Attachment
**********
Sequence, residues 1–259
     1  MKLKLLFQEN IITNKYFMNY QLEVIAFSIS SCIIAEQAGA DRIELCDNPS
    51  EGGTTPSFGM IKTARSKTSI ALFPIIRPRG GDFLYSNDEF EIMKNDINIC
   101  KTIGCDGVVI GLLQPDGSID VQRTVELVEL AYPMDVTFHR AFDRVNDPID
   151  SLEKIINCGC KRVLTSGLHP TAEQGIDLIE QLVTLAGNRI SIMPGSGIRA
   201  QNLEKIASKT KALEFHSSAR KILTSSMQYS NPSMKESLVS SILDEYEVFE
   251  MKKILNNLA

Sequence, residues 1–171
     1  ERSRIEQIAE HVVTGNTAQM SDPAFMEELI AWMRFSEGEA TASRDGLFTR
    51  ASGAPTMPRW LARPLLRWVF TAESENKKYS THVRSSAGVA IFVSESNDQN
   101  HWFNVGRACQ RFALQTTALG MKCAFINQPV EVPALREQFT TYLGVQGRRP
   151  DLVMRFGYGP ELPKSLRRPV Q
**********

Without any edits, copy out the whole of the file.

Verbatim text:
Sequence, residues 1–259
     1  MKLKLLFQEN IITNKYFMNY QLEVIAFSIS SCIIAEQAGA DRIELCDNPS
    51  EGGTTPSFGM IKTARSKTSI ALFPIIRPRG GDFLYSNDEF EIMKNDINIC
   101  KTIGCDGVVI GLLQPDGSID VQRTVELVEL AYPMDVTFHR AFDRVNDPID
   151  SLEKIINCGC KRVLTSGLHP TAEQGIDLIE QLVTLAGNRI SIMPGSGIRA
   201  QNLEKIASKT KALEFHSSAR KILTSSMQYS NPSMKESLVS SILDEYEVFE
   251  MKKILNNLA

Sequence, residues 1–171
     1  ERSRIEQIAE HVVTGNTAQM SDPAFMEELI AWMRFSEGEA TASRDGLFTR
    51  ASGAPTMPRW LARPLLRWVF TAESENKKYS THVRSSAGVA IFVSESNDQN
   101  HWFNVGRACQ RFALQTTALG MKCAFINQPV EVPALREQFT TYLGVQGRRP
   151  DLVMRFGYGP ELPKSLRRPV Q